ADDED ON: 07/09/2022

LGBTQ farmers often go unnoticed. But their perspective may help reshape agriculture

7/8/22 | KCUR / NPR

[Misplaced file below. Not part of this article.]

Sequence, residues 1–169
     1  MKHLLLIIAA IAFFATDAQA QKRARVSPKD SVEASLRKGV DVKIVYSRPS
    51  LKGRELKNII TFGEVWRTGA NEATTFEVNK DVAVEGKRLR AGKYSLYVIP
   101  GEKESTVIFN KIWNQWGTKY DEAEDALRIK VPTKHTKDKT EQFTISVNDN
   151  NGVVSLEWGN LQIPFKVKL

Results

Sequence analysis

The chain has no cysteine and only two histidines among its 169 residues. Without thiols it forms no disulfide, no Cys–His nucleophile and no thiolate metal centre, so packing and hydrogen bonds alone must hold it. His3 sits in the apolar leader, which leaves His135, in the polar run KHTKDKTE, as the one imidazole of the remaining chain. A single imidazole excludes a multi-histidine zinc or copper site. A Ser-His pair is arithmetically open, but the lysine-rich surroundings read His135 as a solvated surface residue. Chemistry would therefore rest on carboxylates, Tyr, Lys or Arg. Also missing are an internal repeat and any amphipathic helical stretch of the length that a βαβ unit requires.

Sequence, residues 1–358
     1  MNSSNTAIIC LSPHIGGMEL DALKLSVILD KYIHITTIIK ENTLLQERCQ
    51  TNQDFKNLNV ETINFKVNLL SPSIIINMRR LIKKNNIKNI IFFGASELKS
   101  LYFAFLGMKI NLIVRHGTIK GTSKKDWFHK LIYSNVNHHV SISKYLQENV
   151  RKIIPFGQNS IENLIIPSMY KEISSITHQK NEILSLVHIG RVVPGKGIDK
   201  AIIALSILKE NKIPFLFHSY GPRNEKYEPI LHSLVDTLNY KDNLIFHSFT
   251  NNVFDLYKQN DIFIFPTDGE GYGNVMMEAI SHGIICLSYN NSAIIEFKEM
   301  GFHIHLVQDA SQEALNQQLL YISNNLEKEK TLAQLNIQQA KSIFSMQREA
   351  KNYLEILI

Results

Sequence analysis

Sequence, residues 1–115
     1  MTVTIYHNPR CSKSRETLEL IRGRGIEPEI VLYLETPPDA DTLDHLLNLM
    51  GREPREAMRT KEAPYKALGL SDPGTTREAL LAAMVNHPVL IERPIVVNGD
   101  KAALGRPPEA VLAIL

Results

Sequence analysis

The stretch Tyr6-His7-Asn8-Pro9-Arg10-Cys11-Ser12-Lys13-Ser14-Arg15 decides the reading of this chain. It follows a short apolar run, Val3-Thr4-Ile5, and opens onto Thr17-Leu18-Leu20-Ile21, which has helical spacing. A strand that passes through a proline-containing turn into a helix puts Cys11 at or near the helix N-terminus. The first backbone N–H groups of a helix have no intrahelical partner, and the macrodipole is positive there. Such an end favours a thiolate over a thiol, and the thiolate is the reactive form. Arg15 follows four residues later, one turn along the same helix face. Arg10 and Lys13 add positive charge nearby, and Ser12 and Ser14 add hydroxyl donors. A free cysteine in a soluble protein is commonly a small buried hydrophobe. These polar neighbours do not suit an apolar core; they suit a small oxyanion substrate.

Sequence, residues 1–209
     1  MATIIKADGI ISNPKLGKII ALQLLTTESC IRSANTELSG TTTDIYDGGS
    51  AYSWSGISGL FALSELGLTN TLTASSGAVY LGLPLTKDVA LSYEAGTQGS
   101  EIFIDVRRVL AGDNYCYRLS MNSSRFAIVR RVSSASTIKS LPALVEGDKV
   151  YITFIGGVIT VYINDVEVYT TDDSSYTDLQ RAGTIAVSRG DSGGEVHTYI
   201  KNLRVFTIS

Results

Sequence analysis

Growing up on her family’s farm in Coggon, Iowa, Shae Pesek couldn’t envision being able to have the life she wanted here. She didn’t know any queer people in agriculture. “I really didn’t feel like that was an option for me,” Pesek said. “So, I thought for me, to be out and have a wife and have this out relationship, or like, to even find and date someone, that I needed to move to a city. So that’s what I did. I left, and I moved away for eight years.” But agriculture called her back to eastern Iowa from San Diego. A while after returning, she met Anna Hankins, who had moved from the East Coast to work on a farm. Together, they started Over the Moon Farm and Flowers in 2019. It’s a direct-to-consumer farm with livestock and flowers. Hankins said now she and Pesek are the examples, especially for people who can’t or don’t want to leave, that you can live in rural Iowa, farm and be queer. “I do know for some people, we are for sure probably the first queer couple they have ever interacted with,” Hankins said. “I hope that it kind of maybe expands some people’s worldview.”


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